solve a set of two linear equations

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mary
mary 2021 年 10 月 1 日
編集済み: Alan Weiss 2021 年 10 月 3 日
Hello,
I have a set of two linear equations. I know how to solve it on paper. The only issue is how to make a well-structured code for it by using function handels (so without using symolic variables). Let's consider the following example:
f1 = @(x,y) y - x - a(x) - b(y) + cst1 ;
f2 = @(x,y) y - x - c(x) - d(y) + cst2 ;
a and c are functions of x, b and d functions of y, cst 1 and cst 2 are constants.
Thanks in advance for your help.

回答 (2 件)

Steven Lord
Steven Lord 2021 年 10 月 1 日
If this isn't a homework assignment, use fsolve from Optimization Toolbox.
If this is a homework assignment, check your textbook to see if there is an algorithm and/or pseudocode that you can implement as MATLAB code. If there is but you aren't sure where to start because you're not familiar with how to write MATLAB code, I suggest you start with the free MATLAB Onramp tutorial (https://www.mathworks.com/support/learn-with-matlab-tutorials.html) to quickly learn the essentials of MATLAB.
  1 件のコメント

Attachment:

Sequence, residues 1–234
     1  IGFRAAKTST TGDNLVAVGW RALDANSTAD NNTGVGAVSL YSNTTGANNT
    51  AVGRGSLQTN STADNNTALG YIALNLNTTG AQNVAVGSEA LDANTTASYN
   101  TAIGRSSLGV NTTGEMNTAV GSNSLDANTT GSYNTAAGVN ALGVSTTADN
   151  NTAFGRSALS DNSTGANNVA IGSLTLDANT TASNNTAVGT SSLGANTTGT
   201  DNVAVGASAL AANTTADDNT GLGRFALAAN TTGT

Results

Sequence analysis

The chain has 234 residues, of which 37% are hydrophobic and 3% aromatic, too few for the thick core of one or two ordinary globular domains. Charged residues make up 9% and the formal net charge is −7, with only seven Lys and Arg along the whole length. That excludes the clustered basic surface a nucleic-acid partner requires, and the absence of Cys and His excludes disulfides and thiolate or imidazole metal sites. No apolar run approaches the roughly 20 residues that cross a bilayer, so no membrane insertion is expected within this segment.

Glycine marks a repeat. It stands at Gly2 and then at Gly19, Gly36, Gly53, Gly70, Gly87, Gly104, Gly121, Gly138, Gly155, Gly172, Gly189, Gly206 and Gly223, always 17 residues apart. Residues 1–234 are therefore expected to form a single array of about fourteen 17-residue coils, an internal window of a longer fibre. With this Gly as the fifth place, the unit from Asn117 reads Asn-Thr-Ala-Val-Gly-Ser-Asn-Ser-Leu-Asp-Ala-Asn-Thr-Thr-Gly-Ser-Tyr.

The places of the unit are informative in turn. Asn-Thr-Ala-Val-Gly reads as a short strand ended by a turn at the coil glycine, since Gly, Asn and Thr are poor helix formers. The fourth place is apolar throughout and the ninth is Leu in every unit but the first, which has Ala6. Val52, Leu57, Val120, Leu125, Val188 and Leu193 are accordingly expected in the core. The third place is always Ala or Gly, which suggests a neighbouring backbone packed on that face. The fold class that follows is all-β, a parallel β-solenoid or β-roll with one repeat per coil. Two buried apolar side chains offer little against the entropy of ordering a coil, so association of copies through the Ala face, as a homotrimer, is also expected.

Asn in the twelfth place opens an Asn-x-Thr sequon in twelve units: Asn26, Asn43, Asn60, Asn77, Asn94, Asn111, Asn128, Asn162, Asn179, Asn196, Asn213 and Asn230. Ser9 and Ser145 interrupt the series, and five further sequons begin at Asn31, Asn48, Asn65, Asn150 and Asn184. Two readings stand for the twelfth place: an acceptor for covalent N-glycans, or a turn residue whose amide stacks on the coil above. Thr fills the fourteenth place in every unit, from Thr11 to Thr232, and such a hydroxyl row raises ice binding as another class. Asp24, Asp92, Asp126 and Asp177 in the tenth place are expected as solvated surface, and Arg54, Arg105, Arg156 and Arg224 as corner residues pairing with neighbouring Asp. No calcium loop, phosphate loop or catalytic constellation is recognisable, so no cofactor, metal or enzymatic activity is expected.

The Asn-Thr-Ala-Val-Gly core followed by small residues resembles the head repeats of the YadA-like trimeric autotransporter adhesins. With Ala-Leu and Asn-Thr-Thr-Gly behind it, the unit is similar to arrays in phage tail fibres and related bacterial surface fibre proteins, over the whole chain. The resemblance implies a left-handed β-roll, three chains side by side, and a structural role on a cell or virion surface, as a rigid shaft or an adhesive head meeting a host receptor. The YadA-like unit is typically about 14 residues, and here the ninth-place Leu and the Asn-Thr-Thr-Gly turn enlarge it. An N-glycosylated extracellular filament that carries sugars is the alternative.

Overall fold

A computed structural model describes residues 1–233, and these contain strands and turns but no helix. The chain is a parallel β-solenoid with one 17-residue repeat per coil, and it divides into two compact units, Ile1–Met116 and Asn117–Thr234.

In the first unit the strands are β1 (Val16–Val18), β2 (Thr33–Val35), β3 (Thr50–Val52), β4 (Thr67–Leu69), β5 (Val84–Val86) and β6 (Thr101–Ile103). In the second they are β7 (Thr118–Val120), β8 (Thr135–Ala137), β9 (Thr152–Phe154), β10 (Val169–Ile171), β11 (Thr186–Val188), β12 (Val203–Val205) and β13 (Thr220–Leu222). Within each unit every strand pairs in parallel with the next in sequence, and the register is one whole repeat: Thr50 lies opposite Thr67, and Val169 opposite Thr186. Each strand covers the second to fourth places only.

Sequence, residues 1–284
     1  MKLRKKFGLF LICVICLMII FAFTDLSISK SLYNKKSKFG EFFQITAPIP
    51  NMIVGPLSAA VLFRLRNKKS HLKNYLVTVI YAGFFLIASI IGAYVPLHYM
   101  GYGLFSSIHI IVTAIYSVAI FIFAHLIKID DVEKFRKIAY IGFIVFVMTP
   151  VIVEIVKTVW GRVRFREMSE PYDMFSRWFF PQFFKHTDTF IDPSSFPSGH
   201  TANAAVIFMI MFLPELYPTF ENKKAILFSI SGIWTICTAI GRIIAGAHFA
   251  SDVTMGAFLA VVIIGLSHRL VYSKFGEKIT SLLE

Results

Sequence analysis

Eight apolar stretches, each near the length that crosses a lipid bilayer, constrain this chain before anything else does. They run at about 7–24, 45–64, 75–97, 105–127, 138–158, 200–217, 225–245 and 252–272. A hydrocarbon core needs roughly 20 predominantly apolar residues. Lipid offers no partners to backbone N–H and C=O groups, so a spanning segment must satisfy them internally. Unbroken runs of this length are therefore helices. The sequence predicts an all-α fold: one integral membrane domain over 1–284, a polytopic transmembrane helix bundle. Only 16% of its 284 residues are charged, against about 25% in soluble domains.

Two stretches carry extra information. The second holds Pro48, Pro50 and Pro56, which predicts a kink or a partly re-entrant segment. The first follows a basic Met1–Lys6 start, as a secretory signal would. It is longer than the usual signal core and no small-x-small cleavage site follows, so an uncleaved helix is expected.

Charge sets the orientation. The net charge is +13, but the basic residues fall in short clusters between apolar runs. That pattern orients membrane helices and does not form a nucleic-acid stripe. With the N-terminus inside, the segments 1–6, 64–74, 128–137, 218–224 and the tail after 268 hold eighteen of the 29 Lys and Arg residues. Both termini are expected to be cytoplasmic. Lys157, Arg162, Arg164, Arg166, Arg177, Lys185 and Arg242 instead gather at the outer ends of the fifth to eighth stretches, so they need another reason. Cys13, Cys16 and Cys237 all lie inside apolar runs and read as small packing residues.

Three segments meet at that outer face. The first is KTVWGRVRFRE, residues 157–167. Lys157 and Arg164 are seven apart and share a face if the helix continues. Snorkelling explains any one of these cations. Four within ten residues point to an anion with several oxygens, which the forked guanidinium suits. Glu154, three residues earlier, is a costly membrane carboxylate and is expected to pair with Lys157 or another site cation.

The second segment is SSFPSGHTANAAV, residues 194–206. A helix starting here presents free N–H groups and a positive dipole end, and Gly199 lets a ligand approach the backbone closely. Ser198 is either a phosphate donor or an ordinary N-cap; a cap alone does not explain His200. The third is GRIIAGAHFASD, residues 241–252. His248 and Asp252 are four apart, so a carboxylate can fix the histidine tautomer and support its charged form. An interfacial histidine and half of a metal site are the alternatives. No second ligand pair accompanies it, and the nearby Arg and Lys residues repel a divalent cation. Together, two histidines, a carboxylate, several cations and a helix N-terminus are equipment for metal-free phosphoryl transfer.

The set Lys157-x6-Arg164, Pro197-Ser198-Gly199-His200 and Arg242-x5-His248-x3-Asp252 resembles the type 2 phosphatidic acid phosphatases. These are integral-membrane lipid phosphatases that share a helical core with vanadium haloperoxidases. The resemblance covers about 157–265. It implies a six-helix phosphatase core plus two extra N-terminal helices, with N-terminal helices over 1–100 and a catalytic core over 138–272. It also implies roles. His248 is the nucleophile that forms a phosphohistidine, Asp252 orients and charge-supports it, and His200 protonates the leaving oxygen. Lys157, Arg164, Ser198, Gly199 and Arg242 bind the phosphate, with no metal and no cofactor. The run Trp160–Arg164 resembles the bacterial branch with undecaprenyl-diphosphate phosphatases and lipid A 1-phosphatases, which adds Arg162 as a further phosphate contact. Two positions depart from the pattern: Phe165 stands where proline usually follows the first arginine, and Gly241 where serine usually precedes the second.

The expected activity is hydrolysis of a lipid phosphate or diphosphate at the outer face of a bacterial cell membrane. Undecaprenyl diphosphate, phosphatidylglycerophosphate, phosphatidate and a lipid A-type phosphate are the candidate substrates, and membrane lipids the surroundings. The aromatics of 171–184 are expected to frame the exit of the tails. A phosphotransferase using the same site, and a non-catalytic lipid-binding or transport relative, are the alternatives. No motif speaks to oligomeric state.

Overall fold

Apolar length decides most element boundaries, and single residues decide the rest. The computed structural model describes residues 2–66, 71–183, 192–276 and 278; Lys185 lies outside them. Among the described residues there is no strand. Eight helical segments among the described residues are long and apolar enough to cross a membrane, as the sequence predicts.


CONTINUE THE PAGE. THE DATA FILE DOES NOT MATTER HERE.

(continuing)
mary
mary 2021 年 10 月 1 日
No, it is not a homework and I am familiar with Matlab. The only problem is that I dont see how to use fsolve with function handels (f1 = @(x,y) ... and f2 = @(x,y) ...). Here: https://nl.mathworks.com/help/optim/ug/fsolve.html, for instance F1 and F2 are not function handles. I want to use function handle for the sake of clarity of the code (as each equation includes many terms depending on x and y like a(x) or b(y) in the above example). I dont want to use symbolic parameters neither. Is there any way to use fsolve with my f1(x,y) and f2(x,y) ?

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Alan Weiss
Alan Weiss 2021 年 10 月 3 日
編集済み: Alan Weiss 2021 年 10 月 3 日
I don't really understand what you are trying to do, but it sounds to me like your best bet is to use the Problem-Based Optimization Workflow or more specifically the Problem-Based Workflow for Solving Equations. You can write your optimization variables with perfect clarity, and your will get the same underlying solver (fsolve) if it is appropriate.
Alan Weiss
MATLAB mathematical toolbox documentation

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